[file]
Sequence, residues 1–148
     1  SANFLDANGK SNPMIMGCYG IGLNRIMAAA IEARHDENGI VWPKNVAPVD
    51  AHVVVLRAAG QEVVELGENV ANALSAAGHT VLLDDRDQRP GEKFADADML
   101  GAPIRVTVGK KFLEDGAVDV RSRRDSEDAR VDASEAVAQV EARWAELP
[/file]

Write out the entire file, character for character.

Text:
Sequence, residues 1–148
     1  SANFLDANGK SNPMIMGCYG IGLNRIMAAA IEARHDENGI VWPKNVAPVD
    51  AHVVVLRAAG QEVVELGENV ANALSAAGHT VLLDDRDQRP GEKFADADML
   101  GAPIRVTVGK KFLEDGAVDV RSRRDSEDAR VDASEAVAQV EARWAELP